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### Costanti Equilibrium

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Chemistry - Equilibrium constants

Equilibrium constants

Equilibrium constants are always quoted at a particular temperature. An
increase in temperature causes an increase in the rate of the vast majority
of chemical reactions. However, the extent of a reaction may either
increase or decrease, depending on the thermochemical nature of the
particular reaction, with an increase in temperature.

If the forward reaction of a system at equilibrium is favoured by a change
in temperature, the K value will be higher when equilibrium is established
at the new temperature. If the reverse reaction is favoured the K value
will be lower.

NB. While K values give us an indication of the extent of a reaction, they
give us no information whatsoever about the rate of reaction. So while we
get an indication of the proportion of reactants that may be converted into
products, there is no indication as to how fast the conversion (reaction)
proceeds.

If the calculated CF (concentration fraction) for a particular system is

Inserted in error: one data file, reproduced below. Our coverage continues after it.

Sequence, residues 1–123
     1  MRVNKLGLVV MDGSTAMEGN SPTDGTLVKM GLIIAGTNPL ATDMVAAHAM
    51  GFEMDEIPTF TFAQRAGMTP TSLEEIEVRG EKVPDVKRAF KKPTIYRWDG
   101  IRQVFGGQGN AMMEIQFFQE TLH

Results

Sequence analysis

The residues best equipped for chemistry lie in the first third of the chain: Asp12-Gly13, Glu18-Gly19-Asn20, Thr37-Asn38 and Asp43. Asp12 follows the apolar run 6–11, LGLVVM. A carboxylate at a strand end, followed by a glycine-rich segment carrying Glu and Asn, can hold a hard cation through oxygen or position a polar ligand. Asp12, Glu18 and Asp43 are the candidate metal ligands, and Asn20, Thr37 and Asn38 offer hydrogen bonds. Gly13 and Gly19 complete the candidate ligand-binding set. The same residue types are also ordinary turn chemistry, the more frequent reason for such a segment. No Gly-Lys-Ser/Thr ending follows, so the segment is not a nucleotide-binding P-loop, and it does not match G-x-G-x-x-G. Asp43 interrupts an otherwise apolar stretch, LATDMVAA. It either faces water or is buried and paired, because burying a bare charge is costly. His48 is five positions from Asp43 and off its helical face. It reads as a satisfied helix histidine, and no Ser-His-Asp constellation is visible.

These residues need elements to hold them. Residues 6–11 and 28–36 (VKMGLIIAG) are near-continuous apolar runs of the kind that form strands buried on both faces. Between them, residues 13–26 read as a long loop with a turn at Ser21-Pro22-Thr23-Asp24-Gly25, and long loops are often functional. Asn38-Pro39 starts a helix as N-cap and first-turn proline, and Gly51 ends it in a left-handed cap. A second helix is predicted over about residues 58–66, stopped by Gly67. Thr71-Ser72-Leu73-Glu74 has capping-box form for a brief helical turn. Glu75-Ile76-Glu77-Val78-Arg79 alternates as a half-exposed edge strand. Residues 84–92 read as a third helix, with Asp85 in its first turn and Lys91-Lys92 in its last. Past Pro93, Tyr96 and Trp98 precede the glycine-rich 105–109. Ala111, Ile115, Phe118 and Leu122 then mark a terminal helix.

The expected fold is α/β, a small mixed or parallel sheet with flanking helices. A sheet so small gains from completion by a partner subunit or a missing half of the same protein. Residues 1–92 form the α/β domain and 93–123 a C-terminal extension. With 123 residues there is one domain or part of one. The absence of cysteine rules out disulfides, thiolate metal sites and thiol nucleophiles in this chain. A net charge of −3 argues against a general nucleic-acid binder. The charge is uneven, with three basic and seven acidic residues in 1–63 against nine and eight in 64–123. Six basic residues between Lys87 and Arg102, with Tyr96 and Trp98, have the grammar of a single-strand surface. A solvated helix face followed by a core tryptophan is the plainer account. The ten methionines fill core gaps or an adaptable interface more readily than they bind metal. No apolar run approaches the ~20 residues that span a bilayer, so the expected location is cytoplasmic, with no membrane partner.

not equal to the quoted K value, it is relatively easy to predict which
reaction - forward or reverse - will predominate as the system moves to
establish (or re-establish) equilibrium:

* If CF K, the forward reaction will predominate as the value of the CF
must increase. The rate of the forward reaction initially increases
relative to the rate of the reverse reaction.

* If CF K, the reverse reaction will predominate as the value of the CF
must decrease. The rate of the reverse reaction initially increases
relative to the rate of the forward reaction.

* If CF = K, then the system is at equilibrium. This is of course
characterised by the rates of the forward and reverse reactions being
equal.

These deductions are based on the fact that the value of the equilibrium
constant, K, for a particular equilibrium as defined by the stated equation
is just what it says, i.e. constant meaning non-changing (as long as the
temperature does not change). So for a system at constant temperature to
reach equilibrium, the reaction must proceed in the direction that will
enable the concentration fraction to assume the same value as the
equilibrium constant.

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